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Runoffs Will Decide Several Texas Races

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Voters cast their ballots at a polling station on March 6, 2012 in Ohio. (credit: J.D. Pooley/Getty Images)

Voters cast their ballots at a polling station on March 6, 2012 in Ohio. (credit: J.D. Pooley/Getty Images)

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AUSTIN (AP) - A scramble to fill statewide offices in one of the biggest turnovers in Texas government history began with Tuesday’s primary, but several of the key contests will require runoffs to decide a final winner.

Six of Texas’ top offices lack an incumbent, and while many of the Democrats ran unopposed in their primaries, crowded fields in the Republican races for attorney general and commissioners for agriculture and railroads won’t conclude until the top-two finishers square off May 27.

And the tense four-way Republican race for comptroller, the state’s chief financial officer, was too close to call early Wednesday morning.

Attorney General Greg Abbott is running for governor, and grass-roots favorite and state Sen. Ken Paxton of McKinney won a three-way GOP race to succeed him but failed to capture a majority. He will face state Rep. Dan Branch, a key ally of Texas House Speaker Joe Straus, in the runoff.

Democrat Sam Houston, an attorney from Houston, was unopposed for his party’s attorney general nomination.

There was also no majority won in the Republican race for agriculture commissioner. Former state Rep. Sid Miller of Stephenville will compete with fellow former state lawmaker Tommy Merritt of Kilgore in a second round of voting.

On the Democratic side, entertainer Kinky Friedman — who has run unsuccessfully for both agriculture commissioner and governor in the past — launched another bid for agriculture commissioner, this time promising to push for legalizing marijuana. He’s headed to a runoff against Jim Hogan, a little-known rancher from Cleburne who has done only minimal campaigning.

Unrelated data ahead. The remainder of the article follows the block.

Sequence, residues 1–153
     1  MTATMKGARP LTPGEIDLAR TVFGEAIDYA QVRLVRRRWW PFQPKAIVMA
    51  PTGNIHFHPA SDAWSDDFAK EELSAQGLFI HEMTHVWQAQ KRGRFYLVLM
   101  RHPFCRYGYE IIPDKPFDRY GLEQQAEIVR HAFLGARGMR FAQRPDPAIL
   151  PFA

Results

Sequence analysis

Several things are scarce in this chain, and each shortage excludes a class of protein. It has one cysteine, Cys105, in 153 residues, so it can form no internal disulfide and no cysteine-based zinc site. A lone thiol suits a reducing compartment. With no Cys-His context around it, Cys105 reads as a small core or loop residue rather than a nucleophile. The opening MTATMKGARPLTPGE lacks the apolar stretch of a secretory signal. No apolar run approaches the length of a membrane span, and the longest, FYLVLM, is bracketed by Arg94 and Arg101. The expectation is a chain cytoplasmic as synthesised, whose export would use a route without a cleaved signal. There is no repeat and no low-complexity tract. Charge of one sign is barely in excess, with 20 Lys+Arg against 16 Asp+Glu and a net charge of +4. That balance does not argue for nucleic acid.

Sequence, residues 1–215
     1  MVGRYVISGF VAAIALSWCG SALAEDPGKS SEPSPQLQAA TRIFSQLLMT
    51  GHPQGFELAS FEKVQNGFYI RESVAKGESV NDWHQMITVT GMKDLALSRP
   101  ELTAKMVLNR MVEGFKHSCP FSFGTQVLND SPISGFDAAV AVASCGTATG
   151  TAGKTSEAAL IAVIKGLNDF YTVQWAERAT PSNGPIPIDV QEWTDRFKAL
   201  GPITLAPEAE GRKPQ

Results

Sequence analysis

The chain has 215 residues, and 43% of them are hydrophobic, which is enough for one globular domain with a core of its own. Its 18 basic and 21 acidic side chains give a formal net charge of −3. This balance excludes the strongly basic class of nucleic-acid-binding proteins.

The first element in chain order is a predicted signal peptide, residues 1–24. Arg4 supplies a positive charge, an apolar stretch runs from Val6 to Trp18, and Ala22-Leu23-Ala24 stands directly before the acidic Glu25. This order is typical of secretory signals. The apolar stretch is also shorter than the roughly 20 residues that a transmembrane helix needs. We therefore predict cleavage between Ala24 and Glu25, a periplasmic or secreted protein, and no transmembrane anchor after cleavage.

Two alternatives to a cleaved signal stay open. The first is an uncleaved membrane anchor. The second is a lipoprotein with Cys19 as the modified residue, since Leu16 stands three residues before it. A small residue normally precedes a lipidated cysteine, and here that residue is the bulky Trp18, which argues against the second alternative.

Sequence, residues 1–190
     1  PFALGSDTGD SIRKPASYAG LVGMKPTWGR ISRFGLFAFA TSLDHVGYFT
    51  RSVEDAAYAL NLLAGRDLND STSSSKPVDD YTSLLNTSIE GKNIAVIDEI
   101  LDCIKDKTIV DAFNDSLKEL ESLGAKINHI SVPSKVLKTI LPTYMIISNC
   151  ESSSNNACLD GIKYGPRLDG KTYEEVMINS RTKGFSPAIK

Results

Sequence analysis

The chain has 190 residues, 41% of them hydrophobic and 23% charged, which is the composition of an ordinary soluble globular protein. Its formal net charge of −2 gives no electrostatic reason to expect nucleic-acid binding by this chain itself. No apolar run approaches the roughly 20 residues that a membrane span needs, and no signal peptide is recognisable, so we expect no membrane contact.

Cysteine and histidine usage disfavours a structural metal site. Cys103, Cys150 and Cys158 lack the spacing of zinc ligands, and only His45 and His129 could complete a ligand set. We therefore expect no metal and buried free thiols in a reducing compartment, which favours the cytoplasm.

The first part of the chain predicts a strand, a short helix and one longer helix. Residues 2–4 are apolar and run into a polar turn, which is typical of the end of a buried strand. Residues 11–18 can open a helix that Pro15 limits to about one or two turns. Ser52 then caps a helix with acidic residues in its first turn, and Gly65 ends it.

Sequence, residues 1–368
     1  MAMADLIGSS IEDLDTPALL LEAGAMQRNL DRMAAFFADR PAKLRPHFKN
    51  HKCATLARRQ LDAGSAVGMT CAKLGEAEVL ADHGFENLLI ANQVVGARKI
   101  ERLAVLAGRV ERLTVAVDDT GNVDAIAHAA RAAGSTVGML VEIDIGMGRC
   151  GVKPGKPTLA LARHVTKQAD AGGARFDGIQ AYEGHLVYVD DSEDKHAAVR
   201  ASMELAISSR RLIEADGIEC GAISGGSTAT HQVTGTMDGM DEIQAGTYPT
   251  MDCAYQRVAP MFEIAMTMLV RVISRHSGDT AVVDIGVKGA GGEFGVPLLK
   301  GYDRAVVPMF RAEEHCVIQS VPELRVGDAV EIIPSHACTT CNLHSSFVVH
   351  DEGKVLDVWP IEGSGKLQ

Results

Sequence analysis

“Obviously a straight-up win is what you always want, but we knew this was going to be a tough sell for some folks in Texas,” Friedman said in a statement. “Our camp has taken on a tough issue, and we’re not backing down because this is what’s right for the people of our great state.”

One race that was never in doubt was that of Land Commissioner. George P. Bush, the grandson of one former president and nephew of another, cruised to victory over East Texas businessman David Watts, while former El Paso Mayor John Cook won the Democratic nomination unopposed.

The night’s closest race was the GOP contest for comptroller, where state Sen. Glenn Hegar of Katy held a sizable lead over Kerrville state Rep. Harvey Hilderbran — but hadn’t quite achieved a majority of the votes cast. The pair could be headed to a runoff while the race’s other two candidates, tea party activist Debra Medina and former state Rep. Raul Torres of Corpus Christi, trailed by wide margins.

The comptroller race’s lone Democrat, Houston businessman Michael Collier, won his party’s nomination.

Meanwhile, Business-backed Ryan Sitton of Houston and fiercely conservative former state Rep. Wayne Christian of Center will compete for the Republican railroad commissioner nomination. Clinching the Democratic railroad commissioner nomination was Steve Brown, a former Fort Bend Democratic Party chairman.

(© Copyright 2014 The Associated Press. All Rights Reserved. This material may not be published, broadcast, rewritten or redistributed.)

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